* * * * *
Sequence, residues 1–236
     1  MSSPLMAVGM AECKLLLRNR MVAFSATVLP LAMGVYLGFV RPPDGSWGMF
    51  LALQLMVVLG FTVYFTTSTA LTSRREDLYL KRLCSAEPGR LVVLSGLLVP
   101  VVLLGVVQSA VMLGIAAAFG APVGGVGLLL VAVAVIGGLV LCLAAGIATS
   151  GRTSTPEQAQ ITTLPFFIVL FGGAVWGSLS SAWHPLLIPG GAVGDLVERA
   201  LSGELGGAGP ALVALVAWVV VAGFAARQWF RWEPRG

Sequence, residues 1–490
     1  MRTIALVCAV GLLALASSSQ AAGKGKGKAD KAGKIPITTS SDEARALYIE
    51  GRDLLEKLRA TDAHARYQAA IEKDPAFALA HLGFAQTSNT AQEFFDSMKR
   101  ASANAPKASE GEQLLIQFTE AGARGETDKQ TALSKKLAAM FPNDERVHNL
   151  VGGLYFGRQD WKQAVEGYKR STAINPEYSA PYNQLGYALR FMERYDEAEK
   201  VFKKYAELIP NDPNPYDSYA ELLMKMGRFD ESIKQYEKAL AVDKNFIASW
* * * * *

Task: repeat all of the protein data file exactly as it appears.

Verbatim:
Sequence, residues 1–236
     1  MSSPLMAVGM AECKLLLRNR MVAFSATVLP LAMGVYLGFV RPPDGSWGMF
    51  LALQLMVVLG FTVYFTTSTA LTSRREDLYL KRLCSAEPGR LVVLSGLLVP
   101  VVLLGVVQSA VMLGIAAAFG APVGGVGLLL VAVAVIGGLV LCLAAGIATS
   151  GRTSTPEQAQ ITTLPFFIVL FGGAVWGSLS SAWHPLLIPG GAVGDLVERA
   201  LSGELGGAGP ALVALVAWVV VAGFAARQWF RWEPRG

Sequence, residues 1–490
     1  MRTIALVCAV GLLALASSSQ AAGKGKGKAD KAGKIPITTS SDEARALYIE
    51  GRDLLEKLRA TDAHARYQAA IEKDPAFALA HLGFAQTSNT AQEFFDSMKR
   101  ASANAPKASE GEQLLIQFTE AGARGETDKQ TALSKKLAAM FPNDERVHNL
   151  VGGLYFGRQD WKQAVEGYKR STAINPEYSA PYNQLGYALR FMERYDEAEK
   201  VFKKYAELIP NDPNPYDSYA ELLMKMGRFD ESIKQYEKAL AVDKNFIASW